Many different and specialized presentation methods have been developed. These range from rendering a clearly unrealistic wireframe through polygon-based rendering to more advanced techniques such as: optical outline presentation, ray tracing, or radiation. In general, different methods are more suitable for either real-time presentation or real-time presentation.
In real-time rendering, the goal is to show as much information as the eye can handle in 30 fps (or one frame, in the case of 30 fps for animation). The goal here is basically speed, not realism. Indeed, exploits are made here the way you see the eye's world, so the final image displayed is not necessarily a picture of the real world, but the image that the eye can relate to closely. This is the primary method used in games, interactive worlds, VRML. The rapid increase in computer processing power allowed a progressively higher degree of realism even for real-time viewing, including technologies such as HDR rendering. Real-time rendering is often multi-sided and assisted by the computer's GPU.
An example of an x-ray image that usually takes seconds or minutes to display. The photo realism is clear.
When the goal is realism, techniques such as ray tracing or radiation are used. Rendering usually takes seconds order or sometimes even days (for one photo / one frame). This is the primary method used for digital media, artwork, etc.
The rendering program may simulate visual effects such as lens flares, field depth, or motion blur. These are attempts to simulate the visual phenomena resulting from the optical properties of cameras and the human eye. These effects can add realism to a scene, even if the effect is just a camera artifact.
The techniques were developed to simulate other natural effects, such as the interaction of light with various forms of matter. Examples of these technologies are particle systems (that can simulate rain, smoke, or fire), volumetric sampling (to simulate fog, dust, and other spatial atmospheric effects), and caustic (to simulate light with a focus on unbreakable surfaces of light, such as light ripples seen at the bottom of a basin Swimming), and scattering beneath the surface (to simulate light that reflects inside volumes of solid objects such as human skin).
The rendering process is computationally expensive, given the complex variety of simulated physical processes. Computer processing power has increased rapidly over the years, allowing for a progressively higher degree of realistic presentation. Movie studios that produce computer-generated animations usually take advantage of a rendering farm to create photos at the right time. However, lower hardware costs mean that it's quite possible to create small amounts of 3D animation on a home computer system.
Viewer output is often used as only one small portion of a completed motion picture scene. Multiple layers of materials can be presented separately and incorporated into the final shot using the fitting program.
(Edit) Exhibitors as they appear on (http://www.FaceYourArt.com)
Exhibitors are often included in 3D software packages, but there are some presentation systems used as extensions for common 3D applications. These application systems include:
AccuRender for SketchUp
Brazil r / s
The final render
Since the human eye sees three dimensions, the mathematical model represented inside the computer must be turned back in order for the human eye to relate the image to a realistic one. But the fact that the monitor – i.e. the screen – can only display two dimensions means that this mathematical model must be transferred to a 2D image. Often this is done using projection. Mostly using perspective perspective. The basic idea behind dropping a perspective, which is not surprising is the way the human eye works, is that distant objects are smaller in relation to the objects closest to the eye. Thus, to fold the third dimension on the screen, a corresponding operation is performed to remove it – in this case, a partitioning process.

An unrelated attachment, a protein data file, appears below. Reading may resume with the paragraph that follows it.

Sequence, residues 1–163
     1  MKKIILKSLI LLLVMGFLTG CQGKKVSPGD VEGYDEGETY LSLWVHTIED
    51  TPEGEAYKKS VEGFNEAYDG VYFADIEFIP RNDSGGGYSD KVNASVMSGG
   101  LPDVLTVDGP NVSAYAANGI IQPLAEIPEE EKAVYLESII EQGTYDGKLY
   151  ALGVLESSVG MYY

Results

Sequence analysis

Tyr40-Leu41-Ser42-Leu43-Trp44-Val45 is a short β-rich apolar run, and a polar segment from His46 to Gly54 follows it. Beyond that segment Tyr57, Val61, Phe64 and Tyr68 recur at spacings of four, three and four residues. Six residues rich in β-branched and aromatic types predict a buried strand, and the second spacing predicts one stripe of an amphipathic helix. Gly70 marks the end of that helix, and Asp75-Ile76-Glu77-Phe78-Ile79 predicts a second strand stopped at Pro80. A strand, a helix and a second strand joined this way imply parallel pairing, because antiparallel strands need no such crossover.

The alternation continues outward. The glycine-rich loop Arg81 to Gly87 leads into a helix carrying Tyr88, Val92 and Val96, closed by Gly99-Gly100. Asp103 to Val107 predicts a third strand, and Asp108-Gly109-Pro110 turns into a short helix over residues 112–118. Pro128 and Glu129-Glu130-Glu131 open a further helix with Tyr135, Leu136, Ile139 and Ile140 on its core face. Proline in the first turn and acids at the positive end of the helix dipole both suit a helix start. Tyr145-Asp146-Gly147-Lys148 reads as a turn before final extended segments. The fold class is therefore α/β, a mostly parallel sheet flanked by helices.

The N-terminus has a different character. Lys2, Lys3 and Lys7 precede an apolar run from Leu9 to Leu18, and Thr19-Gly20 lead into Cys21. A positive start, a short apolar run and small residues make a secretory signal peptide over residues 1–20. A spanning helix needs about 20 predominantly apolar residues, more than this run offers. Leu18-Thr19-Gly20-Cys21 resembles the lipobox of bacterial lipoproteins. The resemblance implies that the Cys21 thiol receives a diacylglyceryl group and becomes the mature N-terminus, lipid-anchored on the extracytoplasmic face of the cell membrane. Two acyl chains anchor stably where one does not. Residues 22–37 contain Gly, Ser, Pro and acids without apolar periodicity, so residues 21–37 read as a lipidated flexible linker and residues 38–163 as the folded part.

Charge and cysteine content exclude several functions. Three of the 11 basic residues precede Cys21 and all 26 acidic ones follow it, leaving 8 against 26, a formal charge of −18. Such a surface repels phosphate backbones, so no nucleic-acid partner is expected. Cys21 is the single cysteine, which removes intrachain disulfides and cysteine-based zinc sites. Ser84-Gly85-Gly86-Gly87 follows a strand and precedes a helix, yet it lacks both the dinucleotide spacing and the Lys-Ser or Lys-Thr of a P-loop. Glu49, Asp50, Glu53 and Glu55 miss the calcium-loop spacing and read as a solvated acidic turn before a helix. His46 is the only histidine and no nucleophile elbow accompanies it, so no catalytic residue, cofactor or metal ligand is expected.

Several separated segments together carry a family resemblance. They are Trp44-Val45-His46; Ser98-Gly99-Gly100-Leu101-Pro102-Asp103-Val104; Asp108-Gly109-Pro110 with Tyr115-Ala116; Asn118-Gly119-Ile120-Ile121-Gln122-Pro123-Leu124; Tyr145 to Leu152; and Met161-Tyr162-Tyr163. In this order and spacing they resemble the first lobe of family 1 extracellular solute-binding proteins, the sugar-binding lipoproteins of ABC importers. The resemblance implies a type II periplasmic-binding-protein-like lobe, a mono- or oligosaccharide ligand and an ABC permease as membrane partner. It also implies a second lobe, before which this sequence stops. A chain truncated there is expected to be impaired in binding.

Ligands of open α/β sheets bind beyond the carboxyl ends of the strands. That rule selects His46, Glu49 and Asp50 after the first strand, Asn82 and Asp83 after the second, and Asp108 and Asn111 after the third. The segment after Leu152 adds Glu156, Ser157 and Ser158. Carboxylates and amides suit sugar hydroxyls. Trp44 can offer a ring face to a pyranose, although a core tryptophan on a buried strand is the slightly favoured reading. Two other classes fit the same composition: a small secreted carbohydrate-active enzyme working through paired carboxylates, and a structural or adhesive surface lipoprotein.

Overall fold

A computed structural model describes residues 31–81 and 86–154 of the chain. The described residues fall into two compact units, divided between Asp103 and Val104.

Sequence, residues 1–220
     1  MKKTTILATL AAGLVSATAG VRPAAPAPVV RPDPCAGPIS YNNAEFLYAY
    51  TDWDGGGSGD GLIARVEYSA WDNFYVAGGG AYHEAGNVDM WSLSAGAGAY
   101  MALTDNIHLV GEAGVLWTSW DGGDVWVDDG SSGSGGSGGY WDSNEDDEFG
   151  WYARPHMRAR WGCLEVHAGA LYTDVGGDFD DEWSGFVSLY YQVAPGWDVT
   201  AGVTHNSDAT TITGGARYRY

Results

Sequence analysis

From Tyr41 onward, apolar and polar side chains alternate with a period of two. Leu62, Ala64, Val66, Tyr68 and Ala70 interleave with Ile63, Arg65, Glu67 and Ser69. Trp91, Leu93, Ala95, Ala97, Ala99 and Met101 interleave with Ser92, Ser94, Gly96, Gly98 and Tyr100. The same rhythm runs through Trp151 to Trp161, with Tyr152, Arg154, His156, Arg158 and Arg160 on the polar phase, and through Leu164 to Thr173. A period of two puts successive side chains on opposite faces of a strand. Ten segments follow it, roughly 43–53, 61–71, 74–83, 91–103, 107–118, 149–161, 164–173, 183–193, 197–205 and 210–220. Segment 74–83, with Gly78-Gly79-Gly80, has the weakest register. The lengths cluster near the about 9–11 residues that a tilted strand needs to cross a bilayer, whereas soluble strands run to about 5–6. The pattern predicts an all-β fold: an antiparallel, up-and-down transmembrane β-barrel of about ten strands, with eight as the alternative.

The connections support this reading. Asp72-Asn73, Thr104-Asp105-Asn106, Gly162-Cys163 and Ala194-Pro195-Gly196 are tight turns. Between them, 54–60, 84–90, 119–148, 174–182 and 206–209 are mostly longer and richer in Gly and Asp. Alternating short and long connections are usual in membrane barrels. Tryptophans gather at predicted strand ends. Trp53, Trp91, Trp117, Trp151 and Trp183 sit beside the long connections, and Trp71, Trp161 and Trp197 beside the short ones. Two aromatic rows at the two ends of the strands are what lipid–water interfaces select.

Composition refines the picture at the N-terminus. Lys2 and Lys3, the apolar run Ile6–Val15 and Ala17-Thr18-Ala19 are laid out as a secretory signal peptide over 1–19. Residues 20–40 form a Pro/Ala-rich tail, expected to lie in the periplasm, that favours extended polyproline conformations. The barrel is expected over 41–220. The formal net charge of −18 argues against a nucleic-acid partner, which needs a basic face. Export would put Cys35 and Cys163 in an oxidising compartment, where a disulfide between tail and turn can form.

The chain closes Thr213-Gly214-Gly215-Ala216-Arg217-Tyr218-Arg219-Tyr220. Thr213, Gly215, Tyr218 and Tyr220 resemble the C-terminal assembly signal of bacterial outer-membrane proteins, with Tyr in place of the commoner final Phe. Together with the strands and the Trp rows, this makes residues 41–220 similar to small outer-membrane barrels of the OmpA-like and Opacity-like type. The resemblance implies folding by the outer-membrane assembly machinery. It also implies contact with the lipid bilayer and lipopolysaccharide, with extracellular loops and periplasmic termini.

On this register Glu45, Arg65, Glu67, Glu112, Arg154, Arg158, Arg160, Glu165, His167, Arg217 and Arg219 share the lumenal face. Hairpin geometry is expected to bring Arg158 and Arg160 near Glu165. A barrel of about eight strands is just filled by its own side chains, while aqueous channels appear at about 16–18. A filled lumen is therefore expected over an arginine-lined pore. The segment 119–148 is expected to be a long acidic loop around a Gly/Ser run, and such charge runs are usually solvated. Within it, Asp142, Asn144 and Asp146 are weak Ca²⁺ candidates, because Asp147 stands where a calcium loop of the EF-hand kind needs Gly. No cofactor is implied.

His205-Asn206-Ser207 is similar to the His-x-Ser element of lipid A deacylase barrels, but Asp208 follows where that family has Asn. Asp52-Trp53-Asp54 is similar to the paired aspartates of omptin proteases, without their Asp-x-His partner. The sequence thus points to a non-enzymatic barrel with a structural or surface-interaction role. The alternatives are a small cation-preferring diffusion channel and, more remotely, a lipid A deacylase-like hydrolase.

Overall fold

Alphabet Projection is mainly used in CAD or CAM applications where scientific models require accurate measurements and maintain the third dimension.
(Edit) Reflection and shading models as shown in (http://www.FaceYourArt.com)
Modern 3D computer graphics rely heavily on a simplified reflection model called the Fung Reflection Model (it should not be confused with Fung Shading).
In light refraction, an important concept is the refractive index. In most 3D programming applications, this value is termed "refractive index", usually "IOR".
Common reflection techniques in 3D computer graphics include:
Flat Shading: Technology for shading each object’s polygon based on the “natural” polygon and the position and intensity of the light source.
Gouraud Shading: Invented by H. Gouraud in 1971, it's a quick, resource-conscious head-top shading technology used to simulate smooth shaded surfaces.
Texture mapping: A technique for simulating a large amount of surface detail by assigning images (textures) to polygons.
Fung Shading: Invented by Bui Tuong Phong, it is used to simulate distinctive highlights and shaded surfaces.
Bump Set: It was invented by Jim Blaine, a natural disorder technique used to simulate wrinkled surfaces.
Torrent shading: a technique used to imitate the shape of hand-drawn animation.
(Edit) 3D Graphics APIs
3D graphics have become very popular, especially in computer games, as specialized APIs (APIs) have been created to ease operations in all stages of computer graphics creation. These APIs have proven vital to PC graphics manufacturers, as they provide a way for programmers to access devices in an abstract way, while still taking advantage of the special hardware for this or that graphics card.
Computer Graphics APIs are especially common:
OpenGL and OpenGL shading language
OpenGL ES 3D API for embedded devices
Direct3D (a subset of DirectX)
TruDimension LC glasses and 3D API
There are also APIs for top-level 3D scene graphics that provide additional functionality above the API to provide a lower level. These libraries under active development include:
JSR 184 (M3G)
Vega Prime by MultiGen-Paradigm
Nvidia landscape graph
UGS DirectModel (aka JT)